Queen Elizabeth Prize For Engineering Recognizes Internet and Web
Written by Sue Gee   
Monday, 18 March 2013

Louis Pouzin, Robert Kahn, Vinton Cerf, Tim Berners-Lee and Marc Andreessen have been awarded the first ever Queen Elizabeth Prize For Engineering.


The Queen Elizabeth Prize aims to focus attention of engineering worldwide, to demonstrate how engineers and engineering are making a real difference across the world. and to inspire the next generation of young people to consider a career in engineering.

The prize is also envisaged as a "Nobel Prize for Engineering" just as the Turing Award is "the Nobel Prize in Computing".

The brief to the panel of fifteen judges is that this new bi-annual global award with prize money of £1 million (approximately USD $1.51 million) should "reward an outstanding engineering-led advance that has produced tangible and widespread public benefit". 

The announcement of the winners of the inaugural prize was made by Lord Browne of Madingley (Chair of the Trustees of the QEPrize) at ceremony at the Royal Academy of Engineering attended by HRH the Princess Royal. Two of the prize winners,Robert Kahn and Louis Pouzin, who with Vinton Cerf were recognized and  for their contributions to the protocols that make up the fundamental architecture of the Internet, attended the event in person. Vint Cerf and Tim Berners Lee, included in the award for having created the World Wide Web, made virtual appearances via the Internet. The final recipient is Marc Andreessen, who co-authored the Mosaic browser.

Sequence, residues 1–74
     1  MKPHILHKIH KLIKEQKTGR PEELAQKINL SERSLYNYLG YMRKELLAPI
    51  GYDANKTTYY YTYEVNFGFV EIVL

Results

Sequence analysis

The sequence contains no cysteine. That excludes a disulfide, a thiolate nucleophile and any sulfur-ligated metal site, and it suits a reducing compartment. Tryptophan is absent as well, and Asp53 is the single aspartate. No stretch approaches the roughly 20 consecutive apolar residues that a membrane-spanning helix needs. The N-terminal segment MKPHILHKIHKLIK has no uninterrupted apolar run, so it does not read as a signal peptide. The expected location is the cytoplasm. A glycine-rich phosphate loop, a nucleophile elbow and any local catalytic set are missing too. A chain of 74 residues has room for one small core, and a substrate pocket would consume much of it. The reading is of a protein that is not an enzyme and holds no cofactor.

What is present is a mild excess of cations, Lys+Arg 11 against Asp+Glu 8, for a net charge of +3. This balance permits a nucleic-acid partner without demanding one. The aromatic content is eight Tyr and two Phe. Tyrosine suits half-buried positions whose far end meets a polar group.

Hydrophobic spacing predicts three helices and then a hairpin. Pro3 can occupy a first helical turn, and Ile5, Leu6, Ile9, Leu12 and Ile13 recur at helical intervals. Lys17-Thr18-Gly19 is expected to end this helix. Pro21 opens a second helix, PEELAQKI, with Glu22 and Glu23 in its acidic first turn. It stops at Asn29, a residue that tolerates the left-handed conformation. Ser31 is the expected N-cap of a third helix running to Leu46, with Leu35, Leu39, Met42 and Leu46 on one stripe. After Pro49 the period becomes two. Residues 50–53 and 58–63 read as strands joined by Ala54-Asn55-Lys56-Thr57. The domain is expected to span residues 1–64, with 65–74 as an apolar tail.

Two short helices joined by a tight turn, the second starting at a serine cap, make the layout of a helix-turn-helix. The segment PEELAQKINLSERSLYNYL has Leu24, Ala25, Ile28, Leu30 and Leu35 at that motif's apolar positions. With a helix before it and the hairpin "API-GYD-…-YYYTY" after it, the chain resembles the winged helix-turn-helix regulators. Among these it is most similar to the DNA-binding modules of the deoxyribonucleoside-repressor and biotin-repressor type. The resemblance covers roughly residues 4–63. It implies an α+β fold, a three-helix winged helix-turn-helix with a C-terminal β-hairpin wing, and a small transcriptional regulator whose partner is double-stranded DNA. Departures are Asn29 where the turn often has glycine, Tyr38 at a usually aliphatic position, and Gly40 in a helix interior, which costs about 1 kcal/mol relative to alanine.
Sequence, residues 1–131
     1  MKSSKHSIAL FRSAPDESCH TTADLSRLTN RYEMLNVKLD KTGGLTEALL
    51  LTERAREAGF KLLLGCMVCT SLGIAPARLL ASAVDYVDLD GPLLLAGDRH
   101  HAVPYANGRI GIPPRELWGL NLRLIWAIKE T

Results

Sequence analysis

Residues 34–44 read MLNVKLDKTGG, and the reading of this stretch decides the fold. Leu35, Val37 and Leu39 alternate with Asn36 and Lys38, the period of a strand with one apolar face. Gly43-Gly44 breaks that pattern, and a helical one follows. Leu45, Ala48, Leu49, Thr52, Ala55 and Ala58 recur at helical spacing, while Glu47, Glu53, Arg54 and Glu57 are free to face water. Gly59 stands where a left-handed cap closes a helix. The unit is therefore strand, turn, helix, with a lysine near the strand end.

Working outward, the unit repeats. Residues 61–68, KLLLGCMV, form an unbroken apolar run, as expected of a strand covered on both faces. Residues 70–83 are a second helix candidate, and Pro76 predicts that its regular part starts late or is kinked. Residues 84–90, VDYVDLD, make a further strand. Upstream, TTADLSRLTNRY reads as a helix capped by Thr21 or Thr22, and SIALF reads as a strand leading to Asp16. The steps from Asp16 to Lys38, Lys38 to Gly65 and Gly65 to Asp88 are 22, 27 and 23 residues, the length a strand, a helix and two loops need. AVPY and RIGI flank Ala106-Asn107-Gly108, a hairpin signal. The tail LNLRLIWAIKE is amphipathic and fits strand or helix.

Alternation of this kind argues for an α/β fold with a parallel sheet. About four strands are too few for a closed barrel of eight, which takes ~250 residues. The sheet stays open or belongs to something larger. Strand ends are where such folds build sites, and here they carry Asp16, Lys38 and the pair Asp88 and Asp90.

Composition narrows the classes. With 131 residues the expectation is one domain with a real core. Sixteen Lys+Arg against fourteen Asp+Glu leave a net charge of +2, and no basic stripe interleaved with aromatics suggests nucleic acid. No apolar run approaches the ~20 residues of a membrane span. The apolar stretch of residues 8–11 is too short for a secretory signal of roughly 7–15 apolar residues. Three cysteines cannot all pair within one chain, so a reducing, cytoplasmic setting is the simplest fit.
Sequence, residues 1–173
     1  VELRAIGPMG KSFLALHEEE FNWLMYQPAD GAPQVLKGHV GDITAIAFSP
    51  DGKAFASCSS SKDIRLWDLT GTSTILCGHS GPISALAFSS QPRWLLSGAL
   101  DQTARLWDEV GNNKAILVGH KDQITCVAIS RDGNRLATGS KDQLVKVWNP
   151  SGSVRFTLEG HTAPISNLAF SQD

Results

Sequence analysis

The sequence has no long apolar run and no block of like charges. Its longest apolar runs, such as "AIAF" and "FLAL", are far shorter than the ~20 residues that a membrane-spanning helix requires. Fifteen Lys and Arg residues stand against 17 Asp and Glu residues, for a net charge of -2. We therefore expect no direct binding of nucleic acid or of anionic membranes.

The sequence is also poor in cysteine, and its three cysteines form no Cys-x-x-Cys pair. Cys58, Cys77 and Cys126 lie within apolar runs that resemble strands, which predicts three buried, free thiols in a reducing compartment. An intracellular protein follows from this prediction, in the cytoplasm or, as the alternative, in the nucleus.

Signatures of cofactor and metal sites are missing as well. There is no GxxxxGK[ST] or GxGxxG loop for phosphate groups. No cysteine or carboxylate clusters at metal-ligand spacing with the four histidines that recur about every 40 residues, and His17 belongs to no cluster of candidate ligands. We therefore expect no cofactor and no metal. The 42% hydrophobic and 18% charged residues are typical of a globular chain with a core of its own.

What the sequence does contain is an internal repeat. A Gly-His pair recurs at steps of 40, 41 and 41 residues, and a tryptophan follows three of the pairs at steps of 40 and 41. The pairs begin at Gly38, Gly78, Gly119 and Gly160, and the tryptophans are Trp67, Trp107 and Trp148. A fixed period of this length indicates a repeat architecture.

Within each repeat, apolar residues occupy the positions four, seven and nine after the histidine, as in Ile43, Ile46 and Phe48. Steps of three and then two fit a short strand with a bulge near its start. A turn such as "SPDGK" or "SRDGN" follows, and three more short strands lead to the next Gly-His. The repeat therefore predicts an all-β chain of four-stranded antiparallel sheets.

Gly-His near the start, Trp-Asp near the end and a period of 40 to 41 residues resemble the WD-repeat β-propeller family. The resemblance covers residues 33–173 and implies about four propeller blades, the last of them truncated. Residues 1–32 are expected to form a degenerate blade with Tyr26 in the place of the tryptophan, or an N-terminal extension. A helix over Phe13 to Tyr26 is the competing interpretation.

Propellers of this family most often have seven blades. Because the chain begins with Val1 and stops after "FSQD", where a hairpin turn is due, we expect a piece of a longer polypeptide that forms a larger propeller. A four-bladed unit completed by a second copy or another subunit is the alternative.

Commenting on winning the award Tim Berner's Lee said:

"The prize recognises what has been a roller-coaster ride of wonderful international collaboration. Bob and Vint’s work on building the internet was re-enforced by Louis’ work on datagrams and that enabled me to invent the Web. Marc’s determined and perceptive work built on these platforms a product which became widely deployed across nations and computing platforms. I am honoured to receive this accolade and humbled to share it with them. I want the Web to inspire and empower new generations of engineers --boys and, especially, girls-- who will build, in turn, their own platforms, to improve our global society. I hope the message behind this award, along with the work we are doing with the World Wide Web Foundation and W3C, will assist in achieving the vision of a web that is open, accessible and of value to all."

The prizes will be presented to all five winners by HRH, the Queen at a ceremony later this year.



More Information

Queen Elizabeth Prize For Engineering

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